EXPLAINER: A mediating role for Erdogan in Ukraine crisis?

Feb 2, 2022, 4:00 PM | Updated: Feb 3, 2022, 9:07 am
Turkey's President Recep Tayyip Erdogan attends a joint news conference with Ukrainian President Vo...

Turkey's President Recep Tayyip Erdogan attends a joint news conference with Ukrainian President Volodymyr Zelenskyy following their talks in Kyiv, Ukraine, Thursday, Feb. 3, 2022. (AP Photo/Efrem Lukatsky)

(AP Photo/Efrem Lukatsky)

ANKARA, Turkey (AP) — Turkish President Recep Tayyip Erdogan has again offered to mediate between Russia and Ukraine after talks with Ukraine’s President Volodymyr Zelenskyy in Kyiv on Thursday, as Turkey walks a tightrope balancing its relations with both countries.

A key NATO member in the strategically important Black Sea region, Turkey has been urging a diplomatic solution to the crisis.

Here’s a look at Turkey’s ties to Ukraine and Russia, and Erdogan’s possible role as a mediator:


The Turkish president has voiced fears that the situation could “turn into a new crisis.”

Ankara has close ties to both Kyiv and Moscow, and Erdogan believes his country can play a key role in defusing the tensions. He has suggested in the past that Turkey could be a venue for possible peace efforts and renewed an offer to host tension-reducing talks during his meeting with Zelenskyy.

“Turkey is prepared to undertake its part in order to end the crisis between two friendly nations that are its neighbors in the Black Sea,” Erdogan said after his meeting. “I have stressed that we would be happy to host a summit meeting at a leadership level or technical level talks.”

After seeing Zelenskyy, Erdogan hopes to host Russian President Vladimir Putin in Turkey. He has said Putin’s visit is likely to take place after the Russian president returns from China, where he will attend the Beijing Winter Olympics.

Speaking to reporters before his departure, Erdogan would not provide information on Turkey’s possible mediation plans, saying he first needs to meet with both leaders.

Last week, Erdogan said it would not be “rational” for Russia to invade Ukraine, and that Turkey would do whatever is necessary as a NATO member. However, he has also spoken of a need for a “meaningful dialogue with Russia” to resolve any “reasonable” security concerns it may have and to explain to Moscow why some of its requests “are not acceptable.”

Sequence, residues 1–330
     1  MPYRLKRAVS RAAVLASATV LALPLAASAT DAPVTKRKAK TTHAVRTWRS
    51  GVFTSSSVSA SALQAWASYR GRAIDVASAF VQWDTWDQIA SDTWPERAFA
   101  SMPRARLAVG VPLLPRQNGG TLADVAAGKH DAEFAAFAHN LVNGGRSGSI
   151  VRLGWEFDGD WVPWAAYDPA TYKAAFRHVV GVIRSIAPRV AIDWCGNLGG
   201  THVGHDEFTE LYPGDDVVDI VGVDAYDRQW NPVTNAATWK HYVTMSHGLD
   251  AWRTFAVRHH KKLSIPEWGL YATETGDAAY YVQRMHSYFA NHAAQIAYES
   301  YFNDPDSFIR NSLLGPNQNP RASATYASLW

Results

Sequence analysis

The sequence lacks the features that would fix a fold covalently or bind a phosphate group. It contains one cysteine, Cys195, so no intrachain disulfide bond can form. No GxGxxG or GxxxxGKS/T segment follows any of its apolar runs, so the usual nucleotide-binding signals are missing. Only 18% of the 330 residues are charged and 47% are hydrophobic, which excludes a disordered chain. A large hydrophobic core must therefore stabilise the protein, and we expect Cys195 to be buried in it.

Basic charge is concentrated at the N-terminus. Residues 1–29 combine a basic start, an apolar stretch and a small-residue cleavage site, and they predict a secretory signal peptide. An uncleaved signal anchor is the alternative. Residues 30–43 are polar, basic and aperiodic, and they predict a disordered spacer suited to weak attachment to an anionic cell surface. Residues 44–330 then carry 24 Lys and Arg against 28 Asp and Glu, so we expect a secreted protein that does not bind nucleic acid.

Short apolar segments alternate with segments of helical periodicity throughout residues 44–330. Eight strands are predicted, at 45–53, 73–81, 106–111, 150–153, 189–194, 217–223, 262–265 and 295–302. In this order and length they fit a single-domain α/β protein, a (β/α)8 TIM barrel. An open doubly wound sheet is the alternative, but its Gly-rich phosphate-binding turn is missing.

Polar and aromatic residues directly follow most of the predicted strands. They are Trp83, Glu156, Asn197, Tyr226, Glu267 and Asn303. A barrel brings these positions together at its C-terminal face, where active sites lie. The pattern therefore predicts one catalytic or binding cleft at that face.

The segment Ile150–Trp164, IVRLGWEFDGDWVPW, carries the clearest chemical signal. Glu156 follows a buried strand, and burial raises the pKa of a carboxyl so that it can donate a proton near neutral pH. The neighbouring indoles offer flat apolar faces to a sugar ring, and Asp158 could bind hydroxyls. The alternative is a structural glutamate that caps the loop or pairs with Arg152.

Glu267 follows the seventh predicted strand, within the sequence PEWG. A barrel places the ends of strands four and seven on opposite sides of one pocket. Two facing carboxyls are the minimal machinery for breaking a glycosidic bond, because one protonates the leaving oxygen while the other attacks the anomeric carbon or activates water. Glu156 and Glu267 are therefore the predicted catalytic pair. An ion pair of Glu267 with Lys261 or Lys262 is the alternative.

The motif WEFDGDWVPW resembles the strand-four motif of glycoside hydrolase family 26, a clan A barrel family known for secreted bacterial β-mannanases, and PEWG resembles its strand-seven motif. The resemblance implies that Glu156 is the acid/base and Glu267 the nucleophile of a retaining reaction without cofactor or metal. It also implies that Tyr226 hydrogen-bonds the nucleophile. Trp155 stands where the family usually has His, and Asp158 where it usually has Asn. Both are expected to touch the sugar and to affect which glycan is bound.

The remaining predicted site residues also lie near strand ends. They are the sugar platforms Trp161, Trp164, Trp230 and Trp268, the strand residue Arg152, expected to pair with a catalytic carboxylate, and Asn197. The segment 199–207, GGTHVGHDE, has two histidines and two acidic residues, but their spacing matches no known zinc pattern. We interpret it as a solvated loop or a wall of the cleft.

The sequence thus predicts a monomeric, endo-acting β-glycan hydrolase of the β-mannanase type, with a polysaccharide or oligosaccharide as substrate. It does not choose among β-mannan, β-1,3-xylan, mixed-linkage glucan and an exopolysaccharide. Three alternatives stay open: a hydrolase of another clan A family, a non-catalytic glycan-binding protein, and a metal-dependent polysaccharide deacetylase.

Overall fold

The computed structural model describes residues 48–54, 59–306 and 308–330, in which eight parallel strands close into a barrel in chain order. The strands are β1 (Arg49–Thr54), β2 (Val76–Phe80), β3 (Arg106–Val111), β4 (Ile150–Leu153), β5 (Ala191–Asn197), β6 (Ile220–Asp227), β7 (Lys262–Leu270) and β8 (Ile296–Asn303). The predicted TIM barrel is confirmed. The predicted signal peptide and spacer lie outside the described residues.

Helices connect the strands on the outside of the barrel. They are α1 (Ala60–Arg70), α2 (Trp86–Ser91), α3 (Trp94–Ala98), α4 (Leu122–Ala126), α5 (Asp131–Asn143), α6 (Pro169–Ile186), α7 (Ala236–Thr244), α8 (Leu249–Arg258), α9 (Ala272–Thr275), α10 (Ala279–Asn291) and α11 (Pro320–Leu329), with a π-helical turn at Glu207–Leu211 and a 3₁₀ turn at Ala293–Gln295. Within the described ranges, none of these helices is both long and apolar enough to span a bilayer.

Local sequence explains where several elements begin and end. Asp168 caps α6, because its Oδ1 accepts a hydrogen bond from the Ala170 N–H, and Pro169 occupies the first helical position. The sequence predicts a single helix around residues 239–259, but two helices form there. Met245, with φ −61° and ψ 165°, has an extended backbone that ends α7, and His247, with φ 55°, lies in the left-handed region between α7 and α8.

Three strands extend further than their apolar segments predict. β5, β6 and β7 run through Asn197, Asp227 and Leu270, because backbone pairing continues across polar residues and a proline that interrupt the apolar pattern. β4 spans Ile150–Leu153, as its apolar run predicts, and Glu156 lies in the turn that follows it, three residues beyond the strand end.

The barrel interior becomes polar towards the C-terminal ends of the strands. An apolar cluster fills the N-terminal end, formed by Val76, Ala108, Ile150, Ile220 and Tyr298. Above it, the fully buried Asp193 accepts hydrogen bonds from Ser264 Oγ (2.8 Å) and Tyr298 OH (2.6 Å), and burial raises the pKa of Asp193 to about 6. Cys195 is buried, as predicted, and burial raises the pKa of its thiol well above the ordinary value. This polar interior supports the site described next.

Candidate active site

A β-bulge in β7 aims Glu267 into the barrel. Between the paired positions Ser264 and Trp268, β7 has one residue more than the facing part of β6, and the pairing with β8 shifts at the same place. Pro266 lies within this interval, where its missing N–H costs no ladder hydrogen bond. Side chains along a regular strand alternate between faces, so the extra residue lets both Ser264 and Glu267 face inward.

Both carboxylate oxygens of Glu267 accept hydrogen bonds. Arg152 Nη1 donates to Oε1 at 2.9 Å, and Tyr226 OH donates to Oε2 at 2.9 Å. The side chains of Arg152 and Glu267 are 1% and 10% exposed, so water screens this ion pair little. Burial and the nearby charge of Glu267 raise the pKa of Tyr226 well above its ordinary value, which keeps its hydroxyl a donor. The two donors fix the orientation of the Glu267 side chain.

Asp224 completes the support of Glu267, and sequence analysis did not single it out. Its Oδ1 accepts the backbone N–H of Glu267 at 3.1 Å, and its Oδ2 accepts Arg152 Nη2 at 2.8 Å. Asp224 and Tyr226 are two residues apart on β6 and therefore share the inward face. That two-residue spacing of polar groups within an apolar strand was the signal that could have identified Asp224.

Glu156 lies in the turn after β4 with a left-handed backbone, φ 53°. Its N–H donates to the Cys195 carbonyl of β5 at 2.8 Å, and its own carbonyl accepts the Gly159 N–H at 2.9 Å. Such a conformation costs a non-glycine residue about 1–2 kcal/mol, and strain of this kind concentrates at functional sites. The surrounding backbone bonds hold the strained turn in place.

Turkey has historic relations with Ukraine and strong ethnic ties with Ukraine’s Crimean Tatar community.

Ankara has spoken out against Russia’s 2014 annexation of the Crimea, vowing never to recognize it. In Kyiv, Erdogan underlined Turkey’s commitment to Ukraine’s territorial integrity and sovereignty, including Crimea.

NATO-member Turkey backs Ukraine’s efforts to join the alliance.

Ankara has increased defense cooperation with Ukraine in recent years. It has sold Kyiv armed Bayraktar TB2 drones which have been used against pro-Russian separatists in eastern Ukraine’s Donbass region, angering Moscow. The two countries also plan joint defense industry production projects.

Eight agreements, including a free trade pact, were signed during Thursday’s visit — which coincides with the 30th anniversary of the establishment of diplomatic ties between Turkey and Ukraine.


The situation over Ukraine has put Turkey in a bind. The NATO member has been trying to repair its frayed ties with the U.S. and other alliance members, following its controversial decision to buy advanced Russian air defense technology. But at the same time it cannot afford to damage its ties with Moscow.

Turkey would be hard pressed to join in potential sanctions or operations against Russia. The country, which is struggling to cope with a major currency crisis, banks on tourism revenue to help its economy and provide vital foreign exchange, and Russia is Turkey’s main tourism market. Moscow has exploited that situation in the past, stopping flights carrying tourists to Turkey — and halting agricultural imports — after Ankara downed a Russian military jet deployed in Syria in 2015.

Turkey also needs to tread carefully with Russia in Syria. Ankara needs Moscow’s approval to continue its presence in northern Syria, despite the two supporting opposite sides in Syria’s civil war. In 2020, 37 Turkish soldiers were killed in Russian-backed airstrikes against rebels in Syria’s last rebel-held Idlib province.

To further complicate matters, Russia is a major source for Turkey’s natural gas and is currently building the country’s first nuclear power station.

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EXPLAINER: A mediating role for Erdogan in Ukraine crisis?